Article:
There's nothing truly innovative about the Niterider Solas rear light - it has plenty in common with other modern tail-lights, but it does its job well and is carefully thought out.
The Solas is a modest sized light in the Smart 1/2w mould - you've probably seen a million of them by now. Translucent red casing for 180 degree visibility, vertical clip (nicely curved in on itself with a retaining noggin for added security) and a clear plastic circle over the LED. Unlike some others, the Solas just has the one LED which pumps out a healthy 2W of power.
The two flashing modes are pretty eye-watering, although not as manic as some, so they should cut through the urban jungle very nicely. Where the Solas really scores though is by having a low power steady mode for group riding. While that won't make you visible from several miles away, it's enough to keep you safe on country roads and if you're on a long night ride, say the Exmouth Exodus or a long audax, it's not going to make your fellow riders feel like they're riding behind a mobile disco. That might seem like a minor thing, but to some people these things do matter and I can't think of another high power light that offers this.
The li-ion battery charges via a micro USB cable which plugs in underneath a honking great rubber plug at the base of the unit. Niterider only claim that the light is 'water resistant' but it passed the backyard hose test and I've not had any problems since.
Run-times are pretty good, up to 36hrs on the low setting although I suspect most people will just opt for the fast flash, which goes on for 18hrs. There isn't a runtime indicator although you'd have to be pretty sloppy to run it down so far that there isn't even enough juice for a low power trip home.
The mounting bracket is very basic, just the usual plastic clamp and clip arrangement, no fancy silicone straps here. I've had it clipped to the light loop on my Carradice and the long clip with a retaining noggin is very secure. I'd have no concerns about it jumping off mid-ride.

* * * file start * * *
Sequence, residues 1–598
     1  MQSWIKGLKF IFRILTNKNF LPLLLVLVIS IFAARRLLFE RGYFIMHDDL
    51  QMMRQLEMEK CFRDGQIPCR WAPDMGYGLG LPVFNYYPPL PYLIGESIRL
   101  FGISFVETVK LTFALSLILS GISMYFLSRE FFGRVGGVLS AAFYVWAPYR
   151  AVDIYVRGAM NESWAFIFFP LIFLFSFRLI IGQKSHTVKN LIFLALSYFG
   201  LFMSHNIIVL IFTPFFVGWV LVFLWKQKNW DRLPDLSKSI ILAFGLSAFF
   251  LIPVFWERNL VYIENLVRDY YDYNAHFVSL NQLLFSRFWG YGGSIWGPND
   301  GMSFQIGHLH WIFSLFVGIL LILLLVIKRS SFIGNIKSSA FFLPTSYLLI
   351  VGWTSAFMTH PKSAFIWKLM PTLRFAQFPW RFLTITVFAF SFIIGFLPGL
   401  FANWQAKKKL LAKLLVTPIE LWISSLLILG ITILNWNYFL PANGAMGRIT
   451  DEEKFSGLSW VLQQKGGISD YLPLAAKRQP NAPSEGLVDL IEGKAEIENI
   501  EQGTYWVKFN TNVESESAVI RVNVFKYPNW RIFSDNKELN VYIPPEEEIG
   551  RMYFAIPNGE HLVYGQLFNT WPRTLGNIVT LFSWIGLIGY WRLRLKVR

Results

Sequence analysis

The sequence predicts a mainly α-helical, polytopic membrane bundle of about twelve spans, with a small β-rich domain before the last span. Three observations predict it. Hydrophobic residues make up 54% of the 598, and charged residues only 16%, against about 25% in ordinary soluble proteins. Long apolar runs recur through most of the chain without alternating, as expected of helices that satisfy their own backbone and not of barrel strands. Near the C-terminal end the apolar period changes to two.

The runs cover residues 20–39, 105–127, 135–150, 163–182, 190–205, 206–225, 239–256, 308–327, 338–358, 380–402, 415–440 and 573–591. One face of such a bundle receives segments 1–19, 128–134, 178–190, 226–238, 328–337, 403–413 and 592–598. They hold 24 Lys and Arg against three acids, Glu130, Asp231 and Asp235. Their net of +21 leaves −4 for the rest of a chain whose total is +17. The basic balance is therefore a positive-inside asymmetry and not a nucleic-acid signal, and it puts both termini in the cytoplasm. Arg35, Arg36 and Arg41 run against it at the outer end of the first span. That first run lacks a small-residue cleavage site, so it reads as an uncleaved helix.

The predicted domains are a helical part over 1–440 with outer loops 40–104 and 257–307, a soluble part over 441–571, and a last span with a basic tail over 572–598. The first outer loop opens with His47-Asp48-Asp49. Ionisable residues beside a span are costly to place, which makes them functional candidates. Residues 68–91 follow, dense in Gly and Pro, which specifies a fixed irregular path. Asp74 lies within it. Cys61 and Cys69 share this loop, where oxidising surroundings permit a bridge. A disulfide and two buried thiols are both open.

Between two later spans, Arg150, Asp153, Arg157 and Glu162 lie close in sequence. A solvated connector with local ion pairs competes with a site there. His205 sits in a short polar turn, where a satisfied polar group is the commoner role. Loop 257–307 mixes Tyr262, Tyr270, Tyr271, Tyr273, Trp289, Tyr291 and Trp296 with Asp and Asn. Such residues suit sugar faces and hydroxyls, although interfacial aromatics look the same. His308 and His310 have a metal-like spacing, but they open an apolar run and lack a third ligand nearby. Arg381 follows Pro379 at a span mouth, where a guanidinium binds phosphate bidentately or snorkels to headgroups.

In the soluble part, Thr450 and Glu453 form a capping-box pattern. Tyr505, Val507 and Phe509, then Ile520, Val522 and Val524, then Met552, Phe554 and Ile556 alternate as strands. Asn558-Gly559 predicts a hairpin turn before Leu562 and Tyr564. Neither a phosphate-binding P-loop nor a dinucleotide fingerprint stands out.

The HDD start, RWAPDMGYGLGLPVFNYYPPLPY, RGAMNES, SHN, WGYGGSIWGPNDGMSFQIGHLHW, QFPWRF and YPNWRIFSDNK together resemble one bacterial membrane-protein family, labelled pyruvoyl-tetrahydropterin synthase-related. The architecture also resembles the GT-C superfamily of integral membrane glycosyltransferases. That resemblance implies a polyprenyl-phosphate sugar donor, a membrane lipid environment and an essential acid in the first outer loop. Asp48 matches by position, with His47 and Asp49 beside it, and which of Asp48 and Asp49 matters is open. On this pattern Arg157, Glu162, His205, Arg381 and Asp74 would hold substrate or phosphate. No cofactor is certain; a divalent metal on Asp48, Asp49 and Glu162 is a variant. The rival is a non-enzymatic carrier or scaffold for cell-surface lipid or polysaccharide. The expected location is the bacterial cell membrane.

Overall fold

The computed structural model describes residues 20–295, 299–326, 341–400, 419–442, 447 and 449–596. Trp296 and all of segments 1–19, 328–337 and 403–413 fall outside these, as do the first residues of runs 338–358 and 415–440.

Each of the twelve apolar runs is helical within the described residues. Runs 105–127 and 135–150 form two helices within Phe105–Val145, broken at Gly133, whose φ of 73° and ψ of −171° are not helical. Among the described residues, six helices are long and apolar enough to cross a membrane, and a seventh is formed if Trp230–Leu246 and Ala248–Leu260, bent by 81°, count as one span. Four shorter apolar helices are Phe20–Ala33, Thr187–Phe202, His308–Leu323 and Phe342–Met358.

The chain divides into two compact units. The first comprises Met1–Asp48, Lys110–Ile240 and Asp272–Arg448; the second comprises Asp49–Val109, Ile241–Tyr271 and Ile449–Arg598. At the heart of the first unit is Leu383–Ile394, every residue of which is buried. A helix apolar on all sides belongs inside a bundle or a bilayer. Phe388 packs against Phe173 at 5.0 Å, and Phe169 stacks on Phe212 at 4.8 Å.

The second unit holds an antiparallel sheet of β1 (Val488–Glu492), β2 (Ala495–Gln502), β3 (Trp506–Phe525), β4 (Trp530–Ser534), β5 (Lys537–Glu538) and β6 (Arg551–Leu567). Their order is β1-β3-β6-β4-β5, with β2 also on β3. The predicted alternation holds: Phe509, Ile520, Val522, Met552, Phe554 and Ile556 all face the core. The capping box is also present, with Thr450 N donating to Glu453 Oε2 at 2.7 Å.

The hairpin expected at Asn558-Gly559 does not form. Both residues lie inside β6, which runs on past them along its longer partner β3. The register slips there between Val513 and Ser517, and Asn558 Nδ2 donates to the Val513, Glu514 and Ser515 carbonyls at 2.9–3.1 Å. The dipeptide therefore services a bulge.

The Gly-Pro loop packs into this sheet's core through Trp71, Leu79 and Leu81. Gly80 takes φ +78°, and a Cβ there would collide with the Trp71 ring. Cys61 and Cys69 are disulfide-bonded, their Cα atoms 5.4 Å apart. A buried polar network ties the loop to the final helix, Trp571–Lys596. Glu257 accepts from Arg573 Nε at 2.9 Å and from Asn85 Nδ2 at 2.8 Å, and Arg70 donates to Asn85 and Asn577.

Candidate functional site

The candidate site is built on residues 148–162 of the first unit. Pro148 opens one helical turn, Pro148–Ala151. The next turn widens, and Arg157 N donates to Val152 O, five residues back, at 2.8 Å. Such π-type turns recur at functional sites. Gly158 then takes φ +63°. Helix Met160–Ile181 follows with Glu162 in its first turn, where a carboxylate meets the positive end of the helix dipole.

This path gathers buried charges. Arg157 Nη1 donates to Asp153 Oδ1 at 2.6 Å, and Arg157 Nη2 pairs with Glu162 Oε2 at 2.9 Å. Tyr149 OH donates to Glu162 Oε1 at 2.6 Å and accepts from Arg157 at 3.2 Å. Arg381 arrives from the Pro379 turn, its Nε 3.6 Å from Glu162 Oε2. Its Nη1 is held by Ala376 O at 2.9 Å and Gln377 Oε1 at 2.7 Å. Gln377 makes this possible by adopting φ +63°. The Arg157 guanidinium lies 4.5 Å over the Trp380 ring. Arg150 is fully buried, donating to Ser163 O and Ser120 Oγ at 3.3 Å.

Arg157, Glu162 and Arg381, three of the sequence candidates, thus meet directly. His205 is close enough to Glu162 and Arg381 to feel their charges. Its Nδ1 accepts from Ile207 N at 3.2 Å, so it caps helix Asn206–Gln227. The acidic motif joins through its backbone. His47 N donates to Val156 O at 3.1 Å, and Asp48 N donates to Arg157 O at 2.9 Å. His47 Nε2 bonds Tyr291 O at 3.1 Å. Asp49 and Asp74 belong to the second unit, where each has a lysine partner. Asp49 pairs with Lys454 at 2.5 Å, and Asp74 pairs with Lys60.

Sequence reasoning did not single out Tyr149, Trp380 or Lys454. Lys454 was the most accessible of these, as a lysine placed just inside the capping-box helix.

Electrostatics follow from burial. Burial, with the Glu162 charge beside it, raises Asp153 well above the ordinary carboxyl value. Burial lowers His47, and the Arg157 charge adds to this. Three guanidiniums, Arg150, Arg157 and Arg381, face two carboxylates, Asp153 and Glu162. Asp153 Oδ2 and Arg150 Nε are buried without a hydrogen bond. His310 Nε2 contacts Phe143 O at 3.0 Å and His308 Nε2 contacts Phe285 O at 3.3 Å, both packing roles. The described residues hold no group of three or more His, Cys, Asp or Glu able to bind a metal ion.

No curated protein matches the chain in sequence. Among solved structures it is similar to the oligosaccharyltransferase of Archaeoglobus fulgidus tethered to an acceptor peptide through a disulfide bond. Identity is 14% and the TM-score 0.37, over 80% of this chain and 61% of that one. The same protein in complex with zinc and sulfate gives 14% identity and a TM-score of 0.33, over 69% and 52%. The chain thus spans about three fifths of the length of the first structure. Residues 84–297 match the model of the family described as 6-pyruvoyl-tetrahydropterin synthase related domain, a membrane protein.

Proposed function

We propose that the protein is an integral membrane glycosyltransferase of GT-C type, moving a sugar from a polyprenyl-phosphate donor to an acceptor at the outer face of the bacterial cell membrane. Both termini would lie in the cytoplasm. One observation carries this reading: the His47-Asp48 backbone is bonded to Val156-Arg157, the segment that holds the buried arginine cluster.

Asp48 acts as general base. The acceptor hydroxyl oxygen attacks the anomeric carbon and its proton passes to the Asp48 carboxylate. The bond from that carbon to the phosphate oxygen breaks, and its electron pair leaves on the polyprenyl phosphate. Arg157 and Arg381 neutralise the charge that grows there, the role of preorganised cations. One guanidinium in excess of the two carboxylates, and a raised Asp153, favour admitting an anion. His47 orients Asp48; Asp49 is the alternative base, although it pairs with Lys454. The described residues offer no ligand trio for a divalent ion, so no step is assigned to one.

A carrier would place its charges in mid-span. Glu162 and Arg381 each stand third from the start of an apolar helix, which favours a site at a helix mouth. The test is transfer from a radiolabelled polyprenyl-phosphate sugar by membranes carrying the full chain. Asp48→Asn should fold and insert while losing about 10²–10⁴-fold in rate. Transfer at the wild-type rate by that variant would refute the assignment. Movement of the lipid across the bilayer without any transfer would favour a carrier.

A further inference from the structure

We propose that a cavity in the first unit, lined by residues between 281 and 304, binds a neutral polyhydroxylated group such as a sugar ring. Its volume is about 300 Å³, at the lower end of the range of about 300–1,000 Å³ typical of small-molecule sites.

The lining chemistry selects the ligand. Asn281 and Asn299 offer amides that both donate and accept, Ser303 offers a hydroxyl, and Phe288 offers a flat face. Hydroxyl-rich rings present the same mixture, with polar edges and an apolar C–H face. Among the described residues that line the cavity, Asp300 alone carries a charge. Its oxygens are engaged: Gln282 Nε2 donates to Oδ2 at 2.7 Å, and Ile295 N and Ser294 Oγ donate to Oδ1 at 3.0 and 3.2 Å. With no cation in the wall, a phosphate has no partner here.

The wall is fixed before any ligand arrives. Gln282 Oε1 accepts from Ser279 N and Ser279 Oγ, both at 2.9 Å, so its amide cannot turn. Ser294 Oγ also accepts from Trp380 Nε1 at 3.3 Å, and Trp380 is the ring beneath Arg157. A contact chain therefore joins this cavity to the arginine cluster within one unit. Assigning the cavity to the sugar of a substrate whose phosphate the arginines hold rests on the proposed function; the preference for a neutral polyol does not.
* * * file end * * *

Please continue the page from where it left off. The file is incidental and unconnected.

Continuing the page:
At an RPP 1p short of £40 it's not cheap so it's a question of how much you value the versatility it offers. I really liked it, but I'd want a hefty discount before I actually bought one.
Versatile rear light for long audaxes, urban commuting and group rides.
road.cc test report
Make and model: Niterider Solas rear light
Size tested: n/a
Tell us what the product is for, and who it's aimed at. What do the manufacturers say about it? How does that compare to your own feelings about it?
"The Solas 2 Watt Tail Light is brand new for 2012/13 and features a powerful 2 watt LED, 4 modes (2 flash/2 steady) and is USB rechargeable. We've implemented what we call 'Group Ride Mode' for cyclists who need to still want to stay visible and safer but not annoy others in the pack."
Tell us some more about the technical aspects of the product?
2 watt LED
Solid plastic body feels reassuringly weighty and robust.
Nice spread of light (180 degree) thanks to clear casing. Well thought out modes.
Feels a little hefty, but really - who cares?
There's no getting away from the fact that this is a pretty pricey rear light although it's much cheaper than the willy-waving likes of the L&M 180.
Tell us how the product performed overall when used for its designed purpose
Tell us what you particularly liked about the product
Nice modes - especially the 36hr group ride mode. That's going to be enough to get you round a long audax without any worries.
Tell us what you particularly disliked about the product
A bit pricey.
Did you enjoy using the product? Yes.
Would you consider buying the product? Maybe, but not at full RRP.
Would you recommend the product to a friend? Yes.
Anything further to say about the product in conclusion?
Nice little light that won't hypnotise your riding chums.
About the tester
Age: 42 Height: 5' 8 Weight: er....85kg
I usually ride: Kona Dew Drop, Dawes Century SE, Carlton Corsa My best bike is: Guess SC1 scandium
I've been riding for: Over 20 years I ride: Most days I would class myself as: Experienced
I regularly do the following types of riding: time trialling, commuting, general fitness riding, fixed/singlespeed, Audax and long distance solo rides